"To improve public transport we should not only make it more extensive, more regular and more comfortable, we must also rethink the fares system"
* Socialist mayor Anne Hidalgo launches study of idea
* Conservative transport chief disagrees, cites tax burden
* Fares make up just 27 pct of Paris transport budget
* Transport could be key issue in 2020 mayor election
By Geert De Clercq
PARIS, March 20 (Reuters) - The mayor of Paris wants to make all public transport free in an effort to reduce air pollution, but faces staunch opposition from the head of the regional transport authority who said the move would hit taxpayers.
Socialist Mayor Anne Hidalgo announced plans late on Monday for a study into the feasibility of free city-wide transport, and told French daily Les Echos she wanted to debate the issue ahead of municipal elections in 2020.
Hidalgo said all the world's big cities were trying to develop clean mobility and boost air quality by reducing the number of cars on the roads, a goal that requires making public transport more attractive.
"To improve public transport we should not only make it more extensive, more regular and more comfortable, we must also rethink the fares system," she said in a statement.
But conservative politician Valerie Pecresse, head of the Ile-de-France region around Paris and president of the area's transport authority IDFM, rejected Hidalgo's proposal, saying if travellers did not pay, taxpayers would have to do so.
"Today, our priority is to modernise transport. Ticket sales bring in three billion euros ($3.7 billion) a year ... we need that money," Pecresse told Radio Classique.
Pecresse, who might challenge Hidalgo in the 2020 mayoral vote, said it would be unfair to make transport free for Parisians but not for people living in the suburbs.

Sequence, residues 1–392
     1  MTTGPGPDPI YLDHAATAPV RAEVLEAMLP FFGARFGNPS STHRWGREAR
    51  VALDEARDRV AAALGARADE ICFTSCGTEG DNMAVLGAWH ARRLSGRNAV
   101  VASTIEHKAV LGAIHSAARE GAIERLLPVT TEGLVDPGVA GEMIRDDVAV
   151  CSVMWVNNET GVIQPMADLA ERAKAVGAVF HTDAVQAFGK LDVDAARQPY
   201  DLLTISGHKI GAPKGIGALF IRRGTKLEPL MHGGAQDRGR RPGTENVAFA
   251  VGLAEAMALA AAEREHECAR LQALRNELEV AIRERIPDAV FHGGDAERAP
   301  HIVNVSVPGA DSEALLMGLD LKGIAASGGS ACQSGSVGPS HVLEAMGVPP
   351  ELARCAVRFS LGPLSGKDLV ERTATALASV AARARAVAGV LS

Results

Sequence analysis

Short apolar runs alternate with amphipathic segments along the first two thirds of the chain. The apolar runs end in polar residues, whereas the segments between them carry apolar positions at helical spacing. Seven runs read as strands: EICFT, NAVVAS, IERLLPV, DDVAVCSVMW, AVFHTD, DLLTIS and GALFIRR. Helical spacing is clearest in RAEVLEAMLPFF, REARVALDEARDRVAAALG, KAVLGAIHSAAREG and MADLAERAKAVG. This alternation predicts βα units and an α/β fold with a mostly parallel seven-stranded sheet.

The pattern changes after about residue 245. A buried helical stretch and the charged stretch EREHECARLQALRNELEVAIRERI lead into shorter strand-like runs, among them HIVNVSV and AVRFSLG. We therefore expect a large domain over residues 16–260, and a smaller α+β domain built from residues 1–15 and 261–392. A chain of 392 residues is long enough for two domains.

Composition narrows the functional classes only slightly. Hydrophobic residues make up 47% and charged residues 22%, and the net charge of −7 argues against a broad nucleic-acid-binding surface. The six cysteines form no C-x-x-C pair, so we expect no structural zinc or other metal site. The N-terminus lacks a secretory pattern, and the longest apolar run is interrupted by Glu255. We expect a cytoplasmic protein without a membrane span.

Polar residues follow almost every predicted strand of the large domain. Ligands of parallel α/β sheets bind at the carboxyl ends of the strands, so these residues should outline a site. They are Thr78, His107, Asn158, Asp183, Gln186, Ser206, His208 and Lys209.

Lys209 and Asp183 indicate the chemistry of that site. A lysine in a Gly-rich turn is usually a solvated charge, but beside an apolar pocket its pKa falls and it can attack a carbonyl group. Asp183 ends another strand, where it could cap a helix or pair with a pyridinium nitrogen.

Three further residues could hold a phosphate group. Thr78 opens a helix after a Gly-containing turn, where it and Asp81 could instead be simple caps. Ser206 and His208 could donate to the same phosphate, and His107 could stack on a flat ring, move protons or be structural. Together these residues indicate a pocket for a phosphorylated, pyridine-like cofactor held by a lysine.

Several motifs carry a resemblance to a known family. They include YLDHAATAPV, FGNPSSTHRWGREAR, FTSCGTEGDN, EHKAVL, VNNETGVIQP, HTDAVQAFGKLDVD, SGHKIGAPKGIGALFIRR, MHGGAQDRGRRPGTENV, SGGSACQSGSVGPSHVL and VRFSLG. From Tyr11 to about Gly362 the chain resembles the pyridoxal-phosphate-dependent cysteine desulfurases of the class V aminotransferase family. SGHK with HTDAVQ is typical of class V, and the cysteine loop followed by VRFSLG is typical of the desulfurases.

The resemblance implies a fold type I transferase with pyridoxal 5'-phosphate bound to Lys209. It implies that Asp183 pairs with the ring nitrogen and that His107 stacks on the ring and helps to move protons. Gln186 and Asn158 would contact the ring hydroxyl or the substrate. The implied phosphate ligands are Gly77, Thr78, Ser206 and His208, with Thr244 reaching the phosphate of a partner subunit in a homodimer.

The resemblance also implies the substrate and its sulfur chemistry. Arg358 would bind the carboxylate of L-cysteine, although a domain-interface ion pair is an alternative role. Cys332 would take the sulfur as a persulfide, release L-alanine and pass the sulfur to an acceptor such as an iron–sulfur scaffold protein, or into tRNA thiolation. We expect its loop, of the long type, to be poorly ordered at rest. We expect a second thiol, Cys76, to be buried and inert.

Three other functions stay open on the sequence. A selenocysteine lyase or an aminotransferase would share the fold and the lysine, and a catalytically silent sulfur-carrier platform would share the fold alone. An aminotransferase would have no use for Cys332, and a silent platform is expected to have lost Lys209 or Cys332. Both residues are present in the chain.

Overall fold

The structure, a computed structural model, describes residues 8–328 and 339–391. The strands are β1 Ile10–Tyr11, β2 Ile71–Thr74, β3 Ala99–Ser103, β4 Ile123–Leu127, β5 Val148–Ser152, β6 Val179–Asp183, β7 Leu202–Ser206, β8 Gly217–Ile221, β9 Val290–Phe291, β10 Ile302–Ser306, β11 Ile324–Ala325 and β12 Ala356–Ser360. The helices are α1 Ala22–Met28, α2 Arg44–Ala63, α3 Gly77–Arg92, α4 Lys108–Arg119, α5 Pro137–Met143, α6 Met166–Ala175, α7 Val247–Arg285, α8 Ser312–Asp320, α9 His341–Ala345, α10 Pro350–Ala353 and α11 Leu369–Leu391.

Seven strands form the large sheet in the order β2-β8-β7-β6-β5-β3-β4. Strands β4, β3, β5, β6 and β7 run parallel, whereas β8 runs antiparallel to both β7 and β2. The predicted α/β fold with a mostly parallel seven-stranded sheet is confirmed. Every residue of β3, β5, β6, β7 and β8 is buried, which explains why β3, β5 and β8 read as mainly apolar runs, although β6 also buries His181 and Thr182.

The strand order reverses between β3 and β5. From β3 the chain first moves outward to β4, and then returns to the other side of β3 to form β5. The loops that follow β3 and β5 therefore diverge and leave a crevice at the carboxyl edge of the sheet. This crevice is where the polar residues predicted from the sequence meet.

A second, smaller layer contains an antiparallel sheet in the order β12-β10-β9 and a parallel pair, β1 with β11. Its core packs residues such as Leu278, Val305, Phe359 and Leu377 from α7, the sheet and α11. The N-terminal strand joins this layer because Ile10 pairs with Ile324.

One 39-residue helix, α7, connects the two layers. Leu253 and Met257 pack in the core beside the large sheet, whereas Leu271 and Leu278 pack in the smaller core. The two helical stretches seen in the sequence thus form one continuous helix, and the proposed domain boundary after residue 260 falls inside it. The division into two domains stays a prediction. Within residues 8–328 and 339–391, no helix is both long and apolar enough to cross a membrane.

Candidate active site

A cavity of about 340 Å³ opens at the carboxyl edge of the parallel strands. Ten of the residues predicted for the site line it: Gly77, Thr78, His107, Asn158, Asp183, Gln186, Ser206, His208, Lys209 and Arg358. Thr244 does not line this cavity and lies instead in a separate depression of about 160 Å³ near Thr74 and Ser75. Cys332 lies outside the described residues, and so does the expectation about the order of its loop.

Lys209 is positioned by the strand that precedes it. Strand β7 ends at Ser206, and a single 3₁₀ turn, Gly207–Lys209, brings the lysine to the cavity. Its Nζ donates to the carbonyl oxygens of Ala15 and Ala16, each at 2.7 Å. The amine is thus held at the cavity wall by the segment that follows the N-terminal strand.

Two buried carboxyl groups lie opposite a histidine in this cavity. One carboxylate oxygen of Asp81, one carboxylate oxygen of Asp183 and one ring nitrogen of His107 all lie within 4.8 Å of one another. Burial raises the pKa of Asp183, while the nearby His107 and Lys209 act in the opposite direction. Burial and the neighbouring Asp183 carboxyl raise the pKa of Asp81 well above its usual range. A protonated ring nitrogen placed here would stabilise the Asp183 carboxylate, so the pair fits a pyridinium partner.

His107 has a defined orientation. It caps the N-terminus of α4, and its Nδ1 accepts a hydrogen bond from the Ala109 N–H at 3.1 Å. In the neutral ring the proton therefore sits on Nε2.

Hidalgo did not spell out whether her proposal would cover just the 2.2 million residents of Paris or all 12 million living in the city and Ile-de-France region.
A 2015 study by Eurostat, the EU's statistics agency, showed Paris already has one of the highest levels of public transport use in Europe, with more than 60 percent of people using the metro, buses and train system. At the same time, a little over 25 percent of people said they use their car to commute.
IDFM has a 10 billion euro ($12.3 billion) annual operating budget, of which a little less than a third comes from passenger fares and the rest mainly from taxes including 42 percent from a transport levy paid by all firms employing more than nine staff.
Several smaller French cities already provide free buses.
Hidalgo referred to German plans for free public transport and said some European cities already have it, notably Estonia's capital Tallinn.
The German government is considering plans to make public transport free in cities suffering from air quality problems. It wants to test the measure in five cities including Bonn and Essen. http://reut.rs/2G6ykXf
Hidalgo has pushed through a series of measures to cut urban pollution, including turning highways along the Seine river into public parks and building more bike lanes. By 2020, Paris plans to ban all petrol and diesel-fuelled cars from the city centre. http://reut.rs/2hCJzs9
In recent years, Paris has imposed license plate-based driving restrictions to take up to half of the cars off the roads when pollution is at peak levels. http://reut.rs/2FXgVwO
Early last year it also launched a vignette system requiring all cars to have a color-coded sticker indicating their age and pollution level so it can impose more selective driving bans.
($1 = 0.8121 euros) (Reporting by Geert De Clercq Editing by Mark Heinrich)
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